1967 was the Summer of Love and 1968 was the year of sorrow. Martin Luther King was assassinated. So was Bobby Kennedy. The My Lai Massacre revealed that the American soldiers were not always the “good guys” of the romanticized war movies. The Tet Offensive challenged the military superiority of the American army. Richard Nixon is elected president after derailing the Paris peace talks by contacting the North Vietnamese and promising a better peace treaty with him. But it was not a completely horrible year. Tommie Smith and John Carlos raised their fists in a black power salute when getting their medals at the Olympics in Mexico. The Civil Rights Act was signed. Yale University opened admission to women. Intel was founded and President Johnson ordered that all computers purchased by the government support ASCII encoding, paving the way for generations of ASCII artists. Elvis made a comeback and the Beatles released The White Album and Rowan & Martin’s Laugh-In debuted. Continue reading →
1967 was the prelude to the Summer of Love. Rolling Stone published its first issue. Ralph Nader came to the attention of the public with his book “Unsafe at any Speed” which launched consumer activism. Gas was 33 cents a gallon. Radio London started broadcasting. And Scott McKenzie sang “If you’re going to San Franciso,” the anthem calling youth to the Monterey Pop Festival. Resistance to the Vietnam War was growing and Muhammed Ali was stripped of his heavyweight boxing title for refusing induction into the army. The Beatles released Sergeant Pepper’s Lonely Heart Clubs Band and the Magical Mystery Tour and Kurt Cobain was born. You can come to 1967 at The Velvet tonight from 7 to 9 SLT as Maht Wuyts continues his Rock per Annum tour of the last 52 years of music.
Inspired by the San Francisco (Be Sure to Wear Some Flowers in your Hair) song, I decided to wear this Flower Children outfit from Gizza. You can find it at the Vintage Fair in two colors. This is the red one – as bright and vibrant as the music that played at the Monterey Pop Festival. The outfit includes the top, pants and the crocheted shrug and all have resize scripts to help you fit them. Continue reading →
Shot with Mechanized Life's Filter Cam and Expansion Pack
Rock Per Annum moves forward another year to 1966. 1966 was a year of contrasts. The Vietnam War continued to polarize people, largely along generational lines. Star Trek made its debut, as did the Monkees. The Black Panthers were formed, and the first Toyota Corolla was sold. More importantly for our purposes, this was a year in which the notion of an album really started to be much more than just an assortment of material packaged around a couple of singles. Pet Sounds, Blonde on Blonde, and Revolver made a strong case for the pop album as an art form of its own. The Velvet Musicologist Maht Wuyts will be ending the set tonight by playing Revolver in its entirety. His plan is that most weeks moving forward, he will end the night with an important album from the year in question. The set begins at 7 PM SLT tonight at The Velvet. Be there or be square. (I wonder if that phrase began in 1966?)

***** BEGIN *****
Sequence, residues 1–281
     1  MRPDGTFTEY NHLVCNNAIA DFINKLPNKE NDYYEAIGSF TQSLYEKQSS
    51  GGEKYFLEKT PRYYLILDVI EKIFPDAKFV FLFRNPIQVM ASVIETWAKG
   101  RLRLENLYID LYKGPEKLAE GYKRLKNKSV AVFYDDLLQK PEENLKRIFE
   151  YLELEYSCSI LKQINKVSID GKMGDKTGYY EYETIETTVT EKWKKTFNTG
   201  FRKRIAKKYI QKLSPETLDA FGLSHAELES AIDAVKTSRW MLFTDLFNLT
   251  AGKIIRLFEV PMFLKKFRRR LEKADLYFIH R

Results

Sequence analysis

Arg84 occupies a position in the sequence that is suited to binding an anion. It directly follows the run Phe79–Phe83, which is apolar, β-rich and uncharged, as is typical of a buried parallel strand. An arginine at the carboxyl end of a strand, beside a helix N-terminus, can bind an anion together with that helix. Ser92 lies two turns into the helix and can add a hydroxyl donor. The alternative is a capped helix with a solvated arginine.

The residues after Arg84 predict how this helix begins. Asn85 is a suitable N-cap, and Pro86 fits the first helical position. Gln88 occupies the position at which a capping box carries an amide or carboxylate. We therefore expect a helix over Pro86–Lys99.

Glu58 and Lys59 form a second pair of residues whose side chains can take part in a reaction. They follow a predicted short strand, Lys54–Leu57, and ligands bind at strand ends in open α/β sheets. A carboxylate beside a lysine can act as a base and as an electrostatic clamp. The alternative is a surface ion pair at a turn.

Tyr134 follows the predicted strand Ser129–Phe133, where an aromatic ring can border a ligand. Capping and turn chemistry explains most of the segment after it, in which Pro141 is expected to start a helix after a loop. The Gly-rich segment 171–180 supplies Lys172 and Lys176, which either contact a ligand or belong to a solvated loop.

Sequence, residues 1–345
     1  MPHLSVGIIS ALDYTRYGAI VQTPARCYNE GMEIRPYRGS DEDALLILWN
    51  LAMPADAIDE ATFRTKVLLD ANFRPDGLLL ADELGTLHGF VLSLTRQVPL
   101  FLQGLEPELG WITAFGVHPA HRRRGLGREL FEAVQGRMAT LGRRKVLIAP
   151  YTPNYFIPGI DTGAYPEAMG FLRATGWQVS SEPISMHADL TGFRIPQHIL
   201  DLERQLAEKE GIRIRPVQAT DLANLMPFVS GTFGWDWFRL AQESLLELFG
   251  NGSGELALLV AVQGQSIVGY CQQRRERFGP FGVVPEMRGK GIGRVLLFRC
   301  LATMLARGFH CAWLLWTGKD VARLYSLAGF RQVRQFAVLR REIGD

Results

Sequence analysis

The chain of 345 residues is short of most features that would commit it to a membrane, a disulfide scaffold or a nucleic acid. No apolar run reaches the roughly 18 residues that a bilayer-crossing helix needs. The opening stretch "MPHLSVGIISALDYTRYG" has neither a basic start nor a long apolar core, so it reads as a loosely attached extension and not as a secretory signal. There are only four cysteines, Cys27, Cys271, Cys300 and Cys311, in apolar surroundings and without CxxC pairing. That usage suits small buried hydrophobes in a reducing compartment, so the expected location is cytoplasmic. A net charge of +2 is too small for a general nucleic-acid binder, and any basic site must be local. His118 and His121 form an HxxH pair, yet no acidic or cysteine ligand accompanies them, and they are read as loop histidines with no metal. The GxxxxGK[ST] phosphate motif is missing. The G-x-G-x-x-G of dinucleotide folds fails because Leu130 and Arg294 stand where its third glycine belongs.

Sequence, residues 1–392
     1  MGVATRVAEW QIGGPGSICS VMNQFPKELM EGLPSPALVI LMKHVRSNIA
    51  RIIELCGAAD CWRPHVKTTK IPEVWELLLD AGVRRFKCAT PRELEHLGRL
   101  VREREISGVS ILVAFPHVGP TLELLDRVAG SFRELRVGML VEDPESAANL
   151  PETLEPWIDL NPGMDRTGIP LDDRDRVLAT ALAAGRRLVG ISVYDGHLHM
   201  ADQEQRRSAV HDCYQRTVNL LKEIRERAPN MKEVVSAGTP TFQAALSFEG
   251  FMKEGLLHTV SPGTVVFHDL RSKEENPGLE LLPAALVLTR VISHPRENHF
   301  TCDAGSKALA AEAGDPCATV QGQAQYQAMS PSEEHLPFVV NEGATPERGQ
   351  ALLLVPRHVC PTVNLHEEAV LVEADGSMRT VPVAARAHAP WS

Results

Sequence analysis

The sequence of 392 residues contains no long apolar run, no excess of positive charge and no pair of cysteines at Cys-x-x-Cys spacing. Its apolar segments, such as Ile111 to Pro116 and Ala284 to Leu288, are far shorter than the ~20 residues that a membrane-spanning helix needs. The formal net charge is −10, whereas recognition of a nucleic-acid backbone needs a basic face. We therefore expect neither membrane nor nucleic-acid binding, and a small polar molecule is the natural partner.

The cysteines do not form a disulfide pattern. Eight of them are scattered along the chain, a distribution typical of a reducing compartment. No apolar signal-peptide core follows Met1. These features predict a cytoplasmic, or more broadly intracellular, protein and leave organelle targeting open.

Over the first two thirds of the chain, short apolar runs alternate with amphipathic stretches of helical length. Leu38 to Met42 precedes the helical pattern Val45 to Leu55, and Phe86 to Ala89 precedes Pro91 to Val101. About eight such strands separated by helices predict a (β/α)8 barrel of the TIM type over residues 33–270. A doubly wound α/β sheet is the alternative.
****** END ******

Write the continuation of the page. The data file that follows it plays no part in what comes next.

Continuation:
There was a lot of diversity in fashion in 1966. Hemlines were up, down and all around at the beginning of the year but by fall, were pretty firmly above the knee, though you wouuld often see a long coat paired with a mini-dress. The waist was gone forever, lost in a world of aline shifts and babydolls. There was a lot of experimentation with fabric. It was the year of the paper dress and of Paco Rabanne’s plastic and wire dresses. Yes, plastic a full 45 years before Josh McKKinley thought he discovered something new on Project Runway. Most women still wore cloth, however, and it often was a bright, bold print from textile designers like Emilio Pucci and Ken Scott. This dress from Subculture by Shauna Vella is a perfect example of the 1966 look. Continue reading →
1965 was a strange year in fashion with the advent of bell-bottoms and granny dresses, one-shouldered sari dresses and metallic catsuits, flowing paisleys and the Mondrian dress. It was also the year of Edie Sedgwick, declared the “It Girl” by Vogue. Sedgwick was a fashion original with a free and rebellious style. She wore tights with nearly everything and added huge chandelier earrings, heavy eyeliner and a casual short moptop cut. She has an ease and freedom to her that made her captivating in photos. How perfect, then, is this Sedgwick dress from Ingenue for Collabor88. Continue reading →
Every once in a while social, cultural and political events converge in a year that changes everything. 1964 was one of those years. It was the year of the Civil Rights Act that prohibited race and gender discrimination. President Johnson said it would cost the Democratic Party the South for a generation. Seeing that it’s two generations since then and the Southern Strategy still dominates electoral politics, he gave people too much credit. 1964 was the year America began bombing in Vietnam. Contrary to the stereotypical Archie Bunker, the majority of the working class was opposed to the war which was most strongly supported by economic and cultural elites – a natural byproduct of the college exemption from the draft that placed the risks of war solidly on the poor and working class, just as they shoulder the majority of the risk today.